Customer Horizontal Mergers and Firm Voluntary Disclosures

Project: Research project

Project Details


This study examines how horizontal mergers of major customers affect voluntary disclosure of suppliers. On the one hand, major customer mergers increase investor uncertainty about the supplier firm’s future sales prospects, leading to increased investor demand for supplier voluntary disclosure. On the other hand, customer horizontal mergers also lead to higher manager uncertainty, increasing the cost of providing public disclosure. In addition, customer horizontal mergers result in a more concentrated customer base, which lowers a major customer’s cost of accessing the supplier firm’s private information and thereby reduces the customer’s demand for public disclosure from the supplier. We find that supplier firms’ managers provide more voluntary disclosure in the year following a major customer horizontal merger, as compared to matched control firms. We further find cross-sectional evidence that this effect is significantly stronger for supplier firms with a greater increase in investor uncertainty around the horizontal merger, with lower increase in manager uncertainty about post-merger sales prospects, and with a lower increase in post-merger customer concentration, consistent with the predicted impacts of the above three forces on supplier voluntary disclosure in the customer horizontal merger setting. Collectively, the results suggest that horizontal mergers of downstream customers can influence voluntary disclosure of upstream suppliers, and that on average, the increase in investor demand for voluntary disclosure due to investor uncertainty outweighs the counteracting effects of heightened manager uncertainty and lower customer demand for supplier public disclosure after horizontal mergers.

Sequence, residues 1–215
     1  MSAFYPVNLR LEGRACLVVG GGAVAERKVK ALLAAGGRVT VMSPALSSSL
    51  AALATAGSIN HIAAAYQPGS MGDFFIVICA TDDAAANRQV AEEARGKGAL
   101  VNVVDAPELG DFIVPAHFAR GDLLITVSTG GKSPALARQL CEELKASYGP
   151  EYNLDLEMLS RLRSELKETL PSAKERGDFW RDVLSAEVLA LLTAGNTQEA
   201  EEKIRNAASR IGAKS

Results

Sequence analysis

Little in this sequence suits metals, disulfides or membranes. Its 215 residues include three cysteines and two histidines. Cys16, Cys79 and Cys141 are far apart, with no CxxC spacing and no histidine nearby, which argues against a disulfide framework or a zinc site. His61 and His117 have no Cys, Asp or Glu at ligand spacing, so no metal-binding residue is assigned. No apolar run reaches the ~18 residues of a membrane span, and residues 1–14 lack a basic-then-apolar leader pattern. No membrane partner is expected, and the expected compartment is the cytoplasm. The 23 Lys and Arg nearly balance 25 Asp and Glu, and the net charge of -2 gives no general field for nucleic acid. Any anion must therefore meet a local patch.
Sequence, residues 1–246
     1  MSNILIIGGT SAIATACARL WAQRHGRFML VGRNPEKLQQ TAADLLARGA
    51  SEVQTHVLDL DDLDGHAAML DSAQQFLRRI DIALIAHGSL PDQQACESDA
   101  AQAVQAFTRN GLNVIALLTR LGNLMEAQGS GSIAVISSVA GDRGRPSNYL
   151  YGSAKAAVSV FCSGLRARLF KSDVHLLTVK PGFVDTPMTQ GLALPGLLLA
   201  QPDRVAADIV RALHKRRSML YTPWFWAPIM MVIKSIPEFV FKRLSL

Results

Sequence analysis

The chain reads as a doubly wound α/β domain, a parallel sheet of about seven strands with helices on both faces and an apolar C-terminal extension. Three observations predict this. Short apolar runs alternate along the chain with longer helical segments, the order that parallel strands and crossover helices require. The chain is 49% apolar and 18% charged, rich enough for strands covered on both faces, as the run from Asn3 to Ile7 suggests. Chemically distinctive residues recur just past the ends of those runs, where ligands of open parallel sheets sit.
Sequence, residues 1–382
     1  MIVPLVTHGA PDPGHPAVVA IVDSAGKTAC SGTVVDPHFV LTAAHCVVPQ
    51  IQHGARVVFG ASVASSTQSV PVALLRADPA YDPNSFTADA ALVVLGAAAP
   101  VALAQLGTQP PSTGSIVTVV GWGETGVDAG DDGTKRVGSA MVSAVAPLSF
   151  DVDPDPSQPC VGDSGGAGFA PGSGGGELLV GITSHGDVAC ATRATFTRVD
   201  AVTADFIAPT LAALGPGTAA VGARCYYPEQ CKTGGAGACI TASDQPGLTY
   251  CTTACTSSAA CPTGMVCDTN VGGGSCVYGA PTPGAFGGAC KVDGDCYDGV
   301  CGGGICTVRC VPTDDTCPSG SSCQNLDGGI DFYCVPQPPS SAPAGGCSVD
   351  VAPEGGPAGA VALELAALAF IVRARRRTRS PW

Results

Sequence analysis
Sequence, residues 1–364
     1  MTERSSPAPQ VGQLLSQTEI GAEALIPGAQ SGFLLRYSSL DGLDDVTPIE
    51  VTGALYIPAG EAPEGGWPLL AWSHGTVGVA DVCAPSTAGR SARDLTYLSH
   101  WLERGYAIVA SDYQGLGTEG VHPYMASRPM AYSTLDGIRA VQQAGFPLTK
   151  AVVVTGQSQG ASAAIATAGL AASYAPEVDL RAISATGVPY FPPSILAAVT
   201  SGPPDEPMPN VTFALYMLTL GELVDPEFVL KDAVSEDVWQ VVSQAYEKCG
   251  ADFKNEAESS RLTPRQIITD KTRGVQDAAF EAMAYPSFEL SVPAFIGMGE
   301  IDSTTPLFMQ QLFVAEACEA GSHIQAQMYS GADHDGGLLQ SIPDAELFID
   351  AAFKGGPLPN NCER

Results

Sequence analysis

Effective start/end date1/11/211/11/25


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